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How To Become A Social Media Listener In 5 Easy Steps

How To Become A Social Media Listener In 5 Easy Steps

    A few days ago a friend of mine posted (on Google+) that nobody is listening on Twitter anymore. He offered his specific help to promote someone’ blog post there but got no answer. Obviously, because the other part wasn’t even listening. This story made me think about how people are consuming social media.

    Nobody will question that the biggest trend is to be a “broadcaster”. Use social media to promote your business, to enhance your brand, to increase sales. That’s what everybody and their mothers are teaching you nowadays. There’s so much noise in this area that it’s almost impossible to discern useful information from gibberish. That’s why many people entering in social media have really overwhelming experiences.

    I’ve been there too. I had my fair share of learning “how to influence people using social media“. But after having enough, a new trend in consuming this type of interaction emerged. Namely, I became a listener. And it took me only a few weeks to realize that the benefits of being an honest listener instead of an obsessed broadcaster are far more interesting than I thought.

    For instance, I can easily get access to trends. I gave up TV a few years ago and I don’t consume news in the traditional media form. But my need to stay informed didn’t disappear, on the contrary, so I just use social media to see what are the directions, who are taking the lead and what other people are saying about that.

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    Also, by constantly perusing my social media stream I grow what I like to call ”my filtering muscles“. I learned how to easily identify what is important from what is just meaningless repetition. And that proved to be extremely beneficial in other areas too, like casual social conversation. I can easily spot a lazy conversational partner and sparkle the interaction, if need will be. People seldom get bored while talking to me. Or so the rumor goes, anyway…

    But maybe the most important benefit of being a listener is that you get access to a lot of actionable information in your field. Promotions, events, new groups or things like these can be easily spotted and taken advantage of if you’re constantly keeping your eyes on the right streams. All you have to do is listen.

    So, how can you become an effective social media listener?

    1. Organize Your Broadcasters In Groups, Circles Or Lists

    Pretty much every important social media platform has this feature nowadays. You can organize your stream in smaller chunks. If you have a really big social media window, it will take some time to put it into ”folders“. But in my experience this will really pay off in the long run.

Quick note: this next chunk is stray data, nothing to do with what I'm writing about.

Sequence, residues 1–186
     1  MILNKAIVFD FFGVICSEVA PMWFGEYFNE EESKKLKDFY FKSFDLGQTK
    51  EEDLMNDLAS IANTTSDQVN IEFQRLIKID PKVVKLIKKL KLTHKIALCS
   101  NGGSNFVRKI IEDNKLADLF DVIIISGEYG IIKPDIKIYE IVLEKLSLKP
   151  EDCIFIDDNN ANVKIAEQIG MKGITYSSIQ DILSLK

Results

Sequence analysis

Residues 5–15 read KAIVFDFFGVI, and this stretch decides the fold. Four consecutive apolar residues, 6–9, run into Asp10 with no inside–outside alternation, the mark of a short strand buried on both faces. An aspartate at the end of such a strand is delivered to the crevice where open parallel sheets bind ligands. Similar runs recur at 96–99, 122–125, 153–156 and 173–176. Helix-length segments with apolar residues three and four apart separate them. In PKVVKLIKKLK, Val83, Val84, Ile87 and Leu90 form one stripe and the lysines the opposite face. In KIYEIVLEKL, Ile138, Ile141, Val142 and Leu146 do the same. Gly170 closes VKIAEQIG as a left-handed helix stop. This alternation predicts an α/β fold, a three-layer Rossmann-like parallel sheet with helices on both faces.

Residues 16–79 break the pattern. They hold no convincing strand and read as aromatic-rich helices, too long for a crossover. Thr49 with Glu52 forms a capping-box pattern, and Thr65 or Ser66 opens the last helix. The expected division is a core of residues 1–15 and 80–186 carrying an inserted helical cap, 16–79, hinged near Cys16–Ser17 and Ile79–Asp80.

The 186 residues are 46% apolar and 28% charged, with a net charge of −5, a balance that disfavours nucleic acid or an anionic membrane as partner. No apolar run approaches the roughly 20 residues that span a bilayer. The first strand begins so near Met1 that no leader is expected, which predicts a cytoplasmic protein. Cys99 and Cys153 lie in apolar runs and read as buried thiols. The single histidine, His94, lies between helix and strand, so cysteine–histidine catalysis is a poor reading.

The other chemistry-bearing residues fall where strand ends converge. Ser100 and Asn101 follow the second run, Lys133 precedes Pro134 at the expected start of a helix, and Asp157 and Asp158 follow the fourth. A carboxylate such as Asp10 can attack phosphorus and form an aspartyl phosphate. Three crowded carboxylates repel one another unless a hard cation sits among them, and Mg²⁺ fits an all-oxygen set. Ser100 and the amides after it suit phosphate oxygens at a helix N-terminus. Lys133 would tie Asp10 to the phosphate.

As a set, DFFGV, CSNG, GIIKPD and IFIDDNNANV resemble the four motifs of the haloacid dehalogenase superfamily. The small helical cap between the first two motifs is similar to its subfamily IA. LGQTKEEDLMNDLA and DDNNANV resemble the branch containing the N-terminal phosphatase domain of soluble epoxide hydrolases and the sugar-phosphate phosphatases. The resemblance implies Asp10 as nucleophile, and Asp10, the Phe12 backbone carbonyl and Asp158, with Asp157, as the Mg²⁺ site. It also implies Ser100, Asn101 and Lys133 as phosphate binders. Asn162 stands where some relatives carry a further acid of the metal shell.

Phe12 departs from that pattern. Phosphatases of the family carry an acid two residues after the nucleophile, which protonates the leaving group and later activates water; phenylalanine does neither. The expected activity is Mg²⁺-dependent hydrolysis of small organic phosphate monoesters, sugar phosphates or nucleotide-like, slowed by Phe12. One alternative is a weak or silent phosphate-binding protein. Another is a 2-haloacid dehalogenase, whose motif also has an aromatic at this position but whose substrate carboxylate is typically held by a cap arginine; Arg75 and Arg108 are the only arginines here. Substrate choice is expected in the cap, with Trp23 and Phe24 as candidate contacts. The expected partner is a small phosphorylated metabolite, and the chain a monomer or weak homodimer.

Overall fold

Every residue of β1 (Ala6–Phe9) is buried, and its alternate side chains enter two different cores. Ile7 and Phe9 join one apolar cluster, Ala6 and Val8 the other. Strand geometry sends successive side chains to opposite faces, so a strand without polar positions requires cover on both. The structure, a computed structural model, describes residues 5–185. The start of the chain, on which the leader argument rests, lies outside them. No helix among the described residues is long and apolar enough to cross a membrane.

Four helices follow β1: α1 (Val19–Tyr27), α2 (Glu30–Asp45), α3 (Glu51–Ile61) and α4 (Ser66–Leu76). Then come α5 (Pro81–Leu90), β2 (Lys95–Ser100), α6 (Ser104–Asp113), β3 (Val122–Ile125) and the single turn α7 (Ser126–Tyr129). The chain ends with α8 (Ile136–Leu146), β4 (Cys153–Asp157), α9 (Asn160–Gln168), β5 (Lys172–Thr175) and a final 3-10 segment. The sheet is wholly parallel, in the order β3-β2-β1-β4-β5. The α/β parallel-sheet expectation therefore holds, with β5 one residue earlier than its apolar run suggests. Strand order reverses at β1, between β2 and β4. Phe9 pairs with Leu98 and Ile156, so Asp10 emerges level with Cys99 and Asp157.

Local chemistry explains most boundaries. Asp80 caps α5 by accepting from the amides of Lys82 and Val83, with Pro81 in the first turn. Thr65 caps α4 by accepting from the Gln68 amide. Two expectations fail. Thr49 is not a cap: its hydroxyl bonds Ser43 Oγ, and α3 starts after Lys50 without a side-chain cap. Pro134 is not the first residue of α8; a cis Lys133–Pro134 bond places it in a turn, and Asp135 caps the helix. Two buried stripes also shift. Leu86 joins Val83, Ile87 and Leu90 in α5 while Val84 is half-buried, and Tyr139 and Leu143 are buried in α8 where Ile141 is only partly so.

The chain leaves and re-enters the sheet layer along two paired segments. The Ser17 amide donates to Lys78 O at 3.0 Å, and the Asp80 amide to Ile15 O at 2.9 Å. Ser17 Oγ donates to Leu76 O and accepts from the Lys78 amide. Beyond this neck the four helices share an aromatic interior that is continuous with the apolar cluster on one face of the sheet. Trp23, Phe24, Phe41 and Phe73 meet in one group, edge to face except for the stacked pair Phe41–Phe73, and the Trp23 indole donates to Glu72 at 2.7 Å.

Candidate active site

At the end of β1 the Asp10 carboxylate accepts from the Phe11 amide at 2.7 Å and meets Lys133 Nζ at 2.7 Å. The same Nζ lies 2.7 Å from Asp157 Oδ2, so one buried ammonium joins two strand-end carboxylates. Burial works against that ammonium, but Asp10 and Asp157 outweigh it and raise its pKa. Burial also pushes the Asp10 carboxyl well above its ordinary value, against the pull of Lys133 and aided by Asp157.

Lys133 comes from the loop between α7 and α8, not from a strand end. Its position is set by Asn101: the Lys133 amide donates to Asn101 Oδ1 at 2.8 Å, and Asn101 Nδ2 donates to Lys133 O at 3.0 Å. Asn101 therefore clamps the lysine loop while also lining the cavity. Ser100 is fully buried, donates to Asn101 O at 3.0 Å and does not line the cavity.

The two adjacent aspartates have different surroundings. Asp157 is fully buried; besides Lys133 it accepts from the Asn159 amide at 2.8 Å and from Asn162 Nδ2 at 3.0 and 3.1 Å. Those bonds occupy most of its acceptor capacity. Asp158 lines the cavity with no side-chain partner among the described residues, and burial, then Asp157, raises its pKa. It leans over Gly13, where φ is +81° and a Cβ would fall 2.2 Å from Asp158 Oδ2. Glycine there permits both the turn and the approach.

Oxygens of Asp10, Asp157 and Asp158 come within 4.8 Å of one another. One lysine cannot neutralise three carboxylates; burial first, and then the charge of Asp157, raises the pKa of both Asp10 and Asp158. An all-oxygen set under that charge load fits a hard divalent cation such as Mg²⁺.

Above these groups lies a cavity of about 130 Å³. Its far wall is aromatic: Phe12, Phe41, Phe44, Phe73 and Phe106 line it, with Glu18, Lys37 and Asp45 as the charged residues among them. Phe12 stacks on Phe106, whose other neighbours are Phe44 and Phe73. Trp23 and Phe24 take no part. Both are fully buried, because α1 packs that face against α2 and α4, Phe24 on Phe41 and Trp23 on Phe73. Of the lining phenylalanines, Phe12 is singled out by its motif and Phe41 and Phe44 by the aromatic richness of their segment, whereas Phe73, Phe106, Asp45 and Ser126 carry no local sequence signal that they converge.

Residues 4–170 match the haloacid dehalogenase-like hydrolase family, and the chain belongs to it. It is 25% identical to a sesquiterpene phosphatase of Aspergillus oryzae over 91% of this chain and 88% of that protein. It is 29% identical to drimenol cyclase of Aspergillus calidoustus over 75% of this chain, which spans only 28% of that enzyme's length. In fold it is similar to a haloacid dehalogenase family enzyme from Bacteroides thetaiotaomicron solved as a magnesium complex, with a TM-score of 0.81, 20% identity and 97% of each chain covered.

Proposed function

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    Also, as you grow the list of people you follow, do take the time to add them to their specific group, circle or list too. In time, their messages will become more consistent and it will also be a way for you to identify if that area really benefits you or not.

    2. Assign Specific Times For Perusing Each Group

    Don’t do it everywhere, anytime. It’s not working. I know, because I used to do it like this: on the computer, in my backyard looking at my iPhone or on the couch, scratching my iPad. The message will get diluted and the initial thrill of interacting will rapidly fade away.

    Instead, schedule some time for some specific list or topic and then drill down all the way to where you were last time you checked it. Dive in, immerse and try to get the most of it. Don’t give in to the thrill of interaction instantly, Just follow a fixed routine and let the results grow slowly.

    3. Respond

    This is not action. This is interaction: you’ll send a powerful message that you’re there, that you’re listening and that what the other part says is important to you. Also, be careful what you respond, with whom you’re engaging in and what do you really expect out of this.

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    Sometimes it will just be a casual information, but most of the time, after I started a thoughtful conversation on social media with somebody I was looking forward to do it for a long time, well, it ended with at least a constant and solid relationship, if not with some real life business stuff too.

    4. Follow Up

    Do this on requests, events or just facts. Ask around if there’s any change or if everything will go as planned. If somebody plans a launch, be there and help but also clearly state your implication in that project. If there will be a meetup, confirm your presence and the logistical details.

    That activity will prove that you’re there. That you’re alive and you’re having at least some simple synapses. People hate talking to robots, you know. So just by showing that you’re there and you’re interested in something, chances that you’ll ignite a solid interaction will grow exponentially.

    5. Take Notes